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One of Redding’s great annual traditions is the Rodeo Week Pancake Breakfast. This is Rodeo Week, so that means the Pancake Breakfast is set for 5 to 10 a.m. this Friday, May 20, in the middle of Market Street between Placer and South streets (AKA “Roaring Gulch”).
If the weather is good – and Friday’s forecast is very promising – 10,000 to 11,000 people typically turn out for the hotcakes, sausage, coffee and milk provided by the Asphalt Cowboys.
“It’s the largest outdoor breakfast in the world,” proclaimed Asphalt Cowboys spokesman Jerry Scheller. “I don’t believe there’s anyplace else that can serve 3,000 people an hour for two consecutive hours.”
While the big rush is from about 7 to 9 a.m., when the chow line can reach half an hour long, about 150 people are usually waiting for the first flapjacks, served well before daybreak. Conversely, some of us have been known to linger and grab a second breakfast as the event winds down.
Friday is also the final weekday of the Shasta County Bike Commute Challenge. To mark the day, the Shasta Wheelmen cycling club is buying breakfast for the first 150 cyclists (wearing a helmet!) who ride into Roaring Gulch on Friday morning. A secure bike corral will be located near the intersection of Placer and Market streets.
Proceeds from the Pancake Breakfast offset the costs of the Redding Rodeo Parade, Scheller said. The Asphalt Cowboys provide about $10,000 worth of cash prizes and other awards to parade participants, who pay no entry fees. The parade is scheduled for 10 a.m. on Saturday in downtown Redding.
Despite the recent rainfall, history says we have nothing to worry about later this week.
“We’ve only had rain on the Pancake Breakfast once in the last 30 years,” Scheller said. “God’s smiling on us.”
Advance breakfast tickets on sale at numerous places around Redding cost $3, or wait to buy your ticket on Friday morning for $4. For a complete schedule of Rodeo Week events, visit the Asphalt Cowboys’ website and the Redding Rodeo Association website.
• You win a bicycle! … Actually, Celena Romero, a student at Shasta Lake School, and Annelise Pierce, of Redding, won brand new Treks in an essay contest sponsored by Healthy Shasta, The Bike Shop and Safe Routes to School. I was one of four judges of the student essays, and we did not have an easy time choosing a winner. At least three submissions were worthy of first place. Celena’s essay may not have been the best mechanically, but she definitely convinced us that a bicycle would change her life. She received her new bicycle on Tuesday morning during a broadcast of Shasta Lake School’s student-run Ram TV program. Pierce collected her two-wheeler during a short ceremony this morning on the Sundial Bridge. You’ll enjoy reading Pierce’s essay here and Celena’s essay here.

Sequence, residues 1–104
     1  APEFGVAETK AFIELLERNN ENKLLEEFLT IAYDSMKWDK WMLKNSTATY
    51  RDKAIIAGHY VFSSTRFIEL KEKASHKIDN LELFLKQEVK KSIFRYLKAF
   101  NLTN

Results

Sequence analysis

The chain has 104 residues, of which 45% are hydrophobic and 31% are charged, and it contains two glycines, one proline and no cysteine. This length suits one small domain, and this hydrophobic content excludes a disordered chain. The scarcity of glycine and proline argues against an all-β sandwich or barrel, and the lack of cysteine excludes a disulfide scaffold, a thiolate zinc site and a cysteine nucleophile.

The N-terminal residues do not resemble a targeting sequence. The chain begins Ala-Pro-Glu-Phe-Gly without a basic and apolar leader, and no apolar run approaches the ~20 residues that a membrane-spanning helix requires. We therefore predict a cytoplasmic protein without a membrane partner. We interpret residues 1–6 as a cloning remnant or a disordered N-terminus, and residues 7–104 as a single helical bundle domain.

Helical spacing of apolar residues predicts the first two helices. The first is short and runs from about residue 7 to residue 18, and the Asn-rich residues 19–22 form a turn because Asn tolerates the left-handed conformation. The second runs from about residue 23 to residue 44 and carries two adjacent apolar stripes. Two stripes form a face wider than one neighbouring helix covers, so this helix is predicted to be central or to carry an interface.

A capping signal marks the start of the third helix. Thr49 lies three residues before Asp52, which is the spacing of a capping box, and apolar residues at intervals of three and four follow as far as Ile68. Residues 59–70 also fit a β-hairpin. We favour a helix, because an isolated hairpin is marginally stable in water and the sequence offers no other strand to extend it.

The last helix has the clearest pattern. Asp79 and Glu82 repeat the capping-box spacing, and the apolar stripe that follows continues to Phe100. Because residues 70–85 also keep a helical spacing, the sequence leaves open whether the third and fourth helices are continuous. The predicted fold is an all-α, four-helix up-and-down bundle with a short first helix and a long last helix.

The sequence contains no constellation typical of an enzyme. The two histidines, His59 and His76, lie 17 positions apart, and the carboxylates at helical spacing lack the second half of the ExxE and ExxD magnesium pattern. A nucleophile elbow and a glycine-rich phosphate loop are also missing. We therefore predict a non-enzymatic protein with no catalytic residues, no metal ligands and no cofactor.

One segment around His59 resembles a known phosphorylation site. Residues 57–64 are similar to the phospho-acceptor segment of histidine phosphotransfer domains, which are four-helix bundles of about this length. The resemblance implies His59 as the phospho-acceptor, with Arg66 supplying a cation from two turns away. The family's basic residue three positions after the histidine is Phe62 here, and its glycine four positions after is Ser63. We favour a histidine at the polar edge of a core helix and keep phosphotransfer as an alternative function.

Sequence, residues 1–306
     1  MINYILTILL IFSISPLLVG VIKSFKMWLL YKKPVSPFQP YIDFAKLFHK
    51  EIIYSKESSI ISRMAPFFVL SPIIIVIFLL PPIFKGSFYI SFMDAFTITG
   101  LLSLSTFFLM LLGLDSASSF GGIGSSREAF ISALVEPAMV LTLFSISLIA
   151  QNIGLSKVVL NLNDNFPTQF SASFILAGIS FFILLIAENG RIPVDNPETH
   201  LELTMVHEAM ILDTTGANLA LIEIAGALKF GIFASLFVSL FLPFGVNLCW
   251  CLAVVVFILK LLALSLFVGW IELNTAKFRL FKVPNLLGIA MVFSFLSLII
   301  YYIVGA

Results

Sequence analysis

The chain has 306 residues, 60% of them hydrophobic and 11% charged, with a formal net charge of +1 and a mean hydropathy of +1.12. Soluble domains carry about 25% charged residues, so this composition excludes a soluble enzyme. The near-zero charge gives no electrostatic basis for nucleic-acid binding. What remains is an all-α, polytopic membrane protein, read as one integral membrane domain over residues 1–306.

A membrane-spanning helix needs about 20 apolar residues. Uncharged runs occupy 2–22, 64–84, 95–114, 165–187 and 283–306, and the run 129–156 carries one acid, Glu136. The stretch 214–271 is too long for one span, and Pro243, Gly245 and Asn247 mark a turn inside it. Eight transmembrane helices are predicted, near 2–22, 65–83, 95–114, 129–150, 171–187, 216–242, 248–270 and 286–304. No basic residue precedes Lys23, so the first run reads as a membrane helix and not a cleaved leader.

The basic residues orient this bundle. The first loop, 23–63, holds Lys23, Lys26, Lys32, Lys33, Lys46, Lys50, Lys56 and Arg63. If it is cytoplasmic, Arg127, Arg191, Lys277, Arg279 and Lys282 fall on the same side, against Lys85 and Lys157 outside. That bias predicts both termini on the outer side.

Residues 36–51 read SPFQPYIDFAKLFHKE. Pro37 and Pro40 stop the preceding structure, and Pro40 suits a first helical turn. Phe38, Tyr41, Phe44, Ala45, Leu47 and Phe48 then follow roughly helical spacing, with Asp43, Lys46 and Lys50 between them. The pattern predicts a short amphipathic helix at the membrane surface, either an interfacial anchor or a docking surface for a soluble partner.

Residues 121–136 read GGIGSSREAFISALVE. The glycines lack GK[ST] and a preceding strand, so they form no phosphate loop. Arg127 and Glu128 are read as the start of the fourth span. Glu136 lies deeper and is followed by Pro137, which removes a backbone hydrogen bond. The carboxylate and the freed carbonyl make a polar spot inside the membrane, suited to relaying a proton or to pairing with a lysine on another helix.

• Kaboom! … If you’re in east Redding on Wednesday afternoon, May 18, you might hear a blast coming from the vicinity of the airport sometime between 1 and 4 p.m. No worries. It’s only the FBI and the Shasta County Sheriff’s Office bomb squad conducting post-blast investigation training at Redding Drag Strip, next to the airport.
• Slow on 70 … Caltrans has no fewer than three major projects going on Highway 70 between Oroville and Quincy. The newest project involves straightening “Caribou Curve” and widening the paved shoulder east of Belden. Already under way are replacement of Spanish Creek Bridge, located farther east in Plumas County, and repair and rehabilitation of 12 miles of highway between West Branch Bridge and Pulga Bridge in Butte County. Caltrans warns motorists to expect delays of up to 15 minutes at each construction site.
• The prez speaks … Shasta College President Gary Lewis, that is. The soon-to-retire Lewis is scheduled to speak about the college and its future at 6:30 p.m. next Wednesday, May 25, at Millville Grange, 20237 Old 44 Drive in Palo Cedro. Grange members will provide refreshments for the free event. For more information, contact Doug Bennett at (530) 604-0804.
Paul Shigley is senior editor of California Planning & Development Report, a frequent contributor to Planning magazine and doesn’t go anywhere at 5 a.m. He lives in Centerville. Paul Shigley may be reached at firstname.lastname@example.org.
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